Overgrown - 50with50 No. 12

It’s a Wilderness

The latest entry in the 50with50 series is a look at the overgrown back field of our property, as seen during our recent walk through the woods.

The latest entry in the 50with50 series is a look at the overgrown back field of our property, as seen during our recent walk through the woods.

I call this a field, but it is starting to be less and less of one. Back when we first moved out here, I used to keep the grass in those back fields cut regularly. But as the years have gone on, there has not always been the time to do it. Also, about the only times we were going back there were to cut the grass. It got to be where not only was there not time to keep it cut, there also was not that much of a reason.

So now, those back areas have become rather overgrown. The deer run through there regularly, and if you walk back there you can follow their trails pretty easily. They would probably like me better if I kept it cut, because they could run through even more easily and also have more grass to eat. I am sure there are other critters who go through there regularly as well, as we have lots of wildlife around here. I would prefer that they stay back there and away from our house, especially if they are the kinds of critters who don’t have legs or who have a white stripe down their backs. We have our space, and they can have their space.

We did not walk very far in these overgrown areas. I mainly just walked far enough to get a good photo, and then we went back into the woods where the ground growth was not so thick. Always interesting to see those areas when we can, even if they are rather overgrown.

Together, Apart

During this time of separation due to COVID-19, it often feels like we are all separated apart from each other, each in our own overgrown wilderness. We are told to only be around the family members that we live with. We are supposed to remain as far away as possible from everyone else, for their safety and for ours.

That can be difficult when you can’t be around your extended family members, friends, church family, and others. We can still contact each other in other ways than face-to-face contact, but it is just not quite the same.

Still, some contact of some sort is better than nothing. Video chats are better than nothing at all. Phone calls, cards, letters, emails - all of these can help to lift someone’s spirits as we wait for the days when the all-clear is given and we go back to our normal ways of life. Social distancing is neither ideal nor preferred by most people. But the experts say that it helps to stop the spread of this virus. And as we watch the numbers of those infected and the death tolls rise, we realize just how important social distancing really is.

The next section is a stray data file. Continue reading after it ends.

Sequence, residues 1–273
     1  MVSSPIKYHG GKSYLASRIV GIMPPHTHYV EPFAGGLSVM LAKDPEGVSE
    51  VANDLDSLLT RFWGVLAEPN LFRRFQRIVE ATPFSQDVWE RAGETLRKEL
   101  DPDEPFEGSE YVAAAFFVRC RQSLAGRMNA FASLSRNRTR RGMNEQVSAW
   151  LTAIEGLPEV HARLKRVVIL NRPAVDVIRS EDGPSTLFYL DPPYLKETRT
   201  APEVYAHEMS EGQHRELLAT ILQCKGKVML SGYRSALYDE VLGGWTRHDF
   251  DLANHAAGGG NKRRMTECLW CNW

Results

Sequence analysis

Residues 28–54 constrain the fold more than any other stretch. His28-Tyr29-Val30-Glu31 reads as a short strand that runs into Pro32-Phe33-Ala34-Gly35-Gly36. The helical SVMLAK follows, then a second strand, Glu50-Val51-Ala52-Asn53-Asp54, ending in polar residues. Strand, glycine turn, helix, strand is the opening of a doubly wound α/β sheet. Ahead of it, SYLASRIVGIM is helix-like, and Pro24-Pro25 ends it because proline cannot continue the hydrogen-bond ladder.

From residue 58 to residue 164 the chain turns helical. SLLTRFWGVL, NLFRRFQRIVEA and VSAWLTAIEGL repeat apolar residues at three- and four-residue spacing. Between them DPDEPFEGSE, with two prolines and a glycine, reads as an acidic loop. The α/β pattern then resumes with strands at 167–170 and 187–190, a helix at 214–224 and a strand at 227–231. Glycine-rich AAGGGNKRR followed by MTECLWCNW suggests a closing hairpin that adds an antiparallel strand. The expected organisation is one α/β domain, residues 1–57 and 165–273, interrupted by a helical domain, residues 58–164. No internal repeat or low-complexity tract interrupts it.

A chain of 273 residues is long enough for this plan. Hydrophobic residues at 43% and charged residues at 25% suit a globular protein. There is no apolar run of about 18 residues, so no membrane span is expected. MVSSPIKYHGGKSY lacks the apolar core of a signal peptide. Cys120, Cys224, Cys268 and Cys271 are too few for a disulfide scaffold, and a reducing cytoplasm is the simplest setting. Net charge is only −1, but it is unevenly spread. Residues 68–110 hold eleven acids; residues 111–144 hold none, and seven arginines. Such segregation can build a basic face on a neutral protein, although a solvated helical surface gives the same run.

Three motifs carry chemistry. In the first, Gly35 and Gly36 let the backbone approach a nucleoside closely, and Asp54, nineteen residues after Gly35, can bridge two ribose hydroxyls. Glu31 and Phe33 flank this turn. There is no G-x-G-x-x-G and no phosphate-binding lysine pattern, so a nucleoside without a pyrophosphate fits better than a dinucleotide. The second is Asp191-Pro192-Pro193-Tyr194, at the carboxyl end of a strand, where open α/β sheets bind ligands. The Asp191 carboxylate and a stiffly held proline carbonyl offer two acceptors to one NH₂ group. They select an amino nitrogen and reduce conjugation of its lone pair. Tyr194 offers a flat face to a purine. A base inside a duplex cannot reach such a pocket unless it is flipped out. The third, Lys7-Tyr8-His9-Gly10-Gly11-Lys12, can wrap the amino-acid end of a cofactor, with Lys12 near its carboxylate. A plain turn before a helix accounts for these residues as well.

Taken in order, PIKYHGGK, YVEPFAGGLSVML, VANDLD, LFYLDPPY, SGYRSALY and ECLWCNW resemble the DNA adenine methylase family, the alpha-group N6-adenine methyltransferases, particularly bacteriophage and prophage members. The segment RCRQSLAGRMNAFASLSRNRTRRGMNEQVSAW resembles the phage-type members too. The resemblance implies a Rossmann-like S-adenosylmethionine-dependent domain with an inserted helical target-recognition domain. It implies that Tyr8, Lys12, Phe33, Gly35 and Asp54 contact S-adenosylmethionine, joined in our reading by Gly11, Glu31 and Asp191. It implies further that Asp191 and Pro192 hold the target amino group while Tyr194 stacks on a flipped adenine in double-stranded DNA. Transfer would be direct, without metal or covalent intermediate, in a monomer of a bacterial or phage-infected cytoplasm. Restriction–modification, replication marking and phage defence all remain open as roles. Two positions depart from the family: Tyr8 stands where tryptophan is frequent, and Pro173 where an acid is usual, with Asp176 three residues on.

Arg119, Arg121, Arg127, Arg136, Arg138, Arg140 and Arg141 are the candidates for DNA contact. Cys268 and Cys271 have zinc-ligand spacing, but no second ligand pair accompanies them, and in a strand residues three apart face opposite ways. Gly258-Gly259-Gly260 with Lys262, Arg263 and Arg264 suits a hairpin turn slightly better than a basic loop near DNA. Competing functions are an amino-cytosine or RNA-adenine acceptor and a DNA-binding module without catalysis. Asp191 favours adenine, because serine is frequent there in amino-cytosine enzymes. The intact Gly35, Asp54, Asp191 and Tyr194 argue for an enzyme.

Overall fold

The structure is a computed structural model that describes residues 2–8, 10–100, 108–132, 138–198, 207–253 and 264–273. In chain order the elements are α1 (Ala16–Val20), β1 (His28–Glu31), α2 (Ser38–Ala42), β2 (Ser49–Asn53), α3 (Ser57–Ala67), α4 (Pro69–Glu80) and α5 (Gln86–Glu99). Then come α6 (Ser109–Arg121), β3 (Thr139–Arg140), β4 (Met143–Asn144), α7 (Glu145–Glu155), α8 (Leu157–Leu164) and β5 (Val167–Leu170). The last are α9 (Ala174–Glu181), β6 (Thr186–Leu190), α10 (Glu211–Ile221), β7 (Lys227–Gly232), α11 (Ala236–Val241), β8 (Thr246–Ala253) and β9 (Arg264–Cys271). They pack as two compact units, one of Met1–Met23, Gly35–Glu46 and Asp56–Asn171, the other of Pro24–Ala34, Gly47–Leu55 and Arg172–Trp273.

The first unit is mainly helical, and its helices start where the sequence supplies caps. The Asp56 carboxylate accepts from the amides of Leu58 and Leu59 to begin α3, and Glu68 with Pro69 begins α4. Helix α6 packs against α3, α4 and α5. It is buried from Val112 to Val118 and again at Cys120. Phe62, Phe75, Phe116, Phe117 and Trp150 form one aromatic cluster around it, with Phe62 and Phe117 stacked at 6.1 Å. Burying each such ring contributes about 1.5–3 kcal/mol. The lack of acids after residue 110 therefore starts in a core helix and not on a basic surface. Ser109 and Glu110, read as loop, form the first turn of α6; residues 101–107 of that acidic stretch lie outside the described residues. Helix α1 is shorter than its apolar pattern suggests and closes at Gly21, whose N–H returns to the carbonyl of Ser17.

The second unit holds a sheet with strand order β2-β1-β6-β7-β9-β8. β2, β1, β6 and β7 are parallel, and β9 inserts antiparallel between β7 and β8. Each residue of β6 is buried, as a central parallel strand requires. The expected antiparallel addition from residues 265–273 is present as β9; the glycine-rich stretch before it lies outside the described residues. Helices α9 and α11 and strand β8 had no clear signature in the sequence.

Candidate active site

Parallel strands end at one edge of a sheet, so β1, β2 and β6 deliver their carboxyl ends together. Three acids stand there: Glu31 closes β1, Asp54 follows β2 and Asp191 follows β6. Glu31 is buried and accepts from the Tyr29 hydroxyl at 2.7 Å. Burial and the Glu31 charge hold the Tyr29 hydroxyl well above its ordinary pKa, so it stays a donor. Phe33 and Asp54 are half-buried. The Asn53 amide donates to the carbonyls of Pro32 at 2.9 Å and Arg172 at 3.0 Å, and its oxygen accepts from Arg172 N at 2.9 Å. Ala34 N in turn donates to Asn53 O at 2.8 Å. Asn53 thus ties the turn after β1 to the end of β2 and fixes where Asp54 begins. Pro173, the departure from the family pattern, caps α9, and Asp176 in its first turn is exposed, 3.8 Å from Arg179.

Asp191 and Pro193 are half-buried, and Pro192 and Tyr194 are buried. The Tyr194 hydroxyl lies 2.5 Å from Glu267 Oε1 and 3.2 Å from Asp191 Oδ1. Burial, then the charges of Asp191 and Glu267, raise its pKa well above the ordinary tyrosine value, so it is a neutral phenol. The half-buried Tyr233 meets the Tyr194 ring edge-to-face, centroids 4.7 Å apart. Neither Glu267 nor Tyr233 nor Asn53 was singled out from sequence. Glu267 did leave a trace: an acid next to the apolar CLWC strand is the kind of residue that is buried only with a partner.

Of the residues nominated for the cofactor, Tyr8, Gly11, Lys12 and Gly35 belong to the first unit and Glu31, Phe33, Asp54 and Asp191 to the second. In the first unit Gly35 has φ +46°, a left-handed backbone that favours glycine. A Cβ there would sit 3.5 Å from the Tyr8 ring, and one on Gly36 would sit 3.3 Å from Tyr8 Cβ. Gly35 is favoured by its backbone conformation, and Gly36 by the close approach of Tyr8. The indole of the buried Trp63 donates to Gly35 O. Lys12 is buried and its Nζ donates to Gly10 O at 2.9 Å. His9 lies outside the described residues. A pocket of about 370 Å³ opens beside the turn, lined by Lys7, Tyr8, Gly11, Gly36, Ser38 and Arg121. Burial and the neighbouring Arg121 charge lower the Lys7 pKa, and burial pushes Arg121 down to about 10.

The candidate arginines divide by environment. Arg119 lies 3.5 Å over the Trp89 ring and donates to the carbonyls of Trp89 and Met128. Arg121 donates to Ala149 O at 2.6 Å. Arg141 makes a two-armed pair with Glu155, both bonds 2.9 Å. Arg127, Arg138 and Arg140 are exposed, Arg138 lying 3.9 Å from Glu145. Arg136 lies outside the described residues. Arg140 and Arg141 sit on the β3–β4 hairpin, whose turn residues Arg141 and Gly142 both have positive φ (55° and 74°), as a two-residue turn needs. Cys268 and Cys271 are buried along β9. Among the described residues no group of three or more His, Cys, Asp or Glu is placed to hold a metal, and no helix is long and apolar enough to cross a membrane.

Please do your part. It is often tempting to go visit your parents or adult children if you or they are not showing any symptoms of infection. But imagine your dismay if, later on, you find out that one if you were in fact infected and potentially spread it to your loved ones. That is the reason for social distancing, even if you don’t think you have anything to worry about. It isn’t pleasant, but it is necessary.

We are all in this together. We just have to do it apart from each other for a while.

Bible Verse

I thank my God in all my remembrance of you, always in every prayer of mine for you all making my prayer with joy, because of your partnership in the gospel from the first day until now. And I am sure of this, that he who began a good work in you will bring it to completion at the day of Jesus Christ. - Philippians 1:3-6

About the Photo

Once again, this photo uses the same processing style as the past few photos that I have shared here. That style might look a little different in this setting, but it is still the same.

I do especially like how the processing brings out the illumination on the evergreen trees in the background. They look much better here than they did in the original version straight out of the camera. Sometimes just a little processing makes a big difference in a photo.

For this 50with50 photo, I did not have the aperture open nearly as wide as I sometimes do. For this one, I wanted a more general area of focus instead of a tight focus on one aspect of the photo. I often shoot in aperture priority mode for just this reason, being able to have control over the depth of field.

Photo: A single Raw exposure, processed in Aurora HDR. Read more about photography tips, photo software, camera gear, and more at Steve’s Photography Tips.
Camera: Sony Alpha A7 II
Lens: SonyFE 50mm f/1.8
Date: February 29, 2020
Location: Home, WillistonTennessee

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Burnsland is Steve Burns, with generous help from his lovely wife Laura. Steve is a husband, father, photographer, webmaster, writer, podcaster, artist, Christian. Steve enjoys sharing his photography, art, and stories through Burnsland.com, from the Burnsland World Headquarters in Tennessee.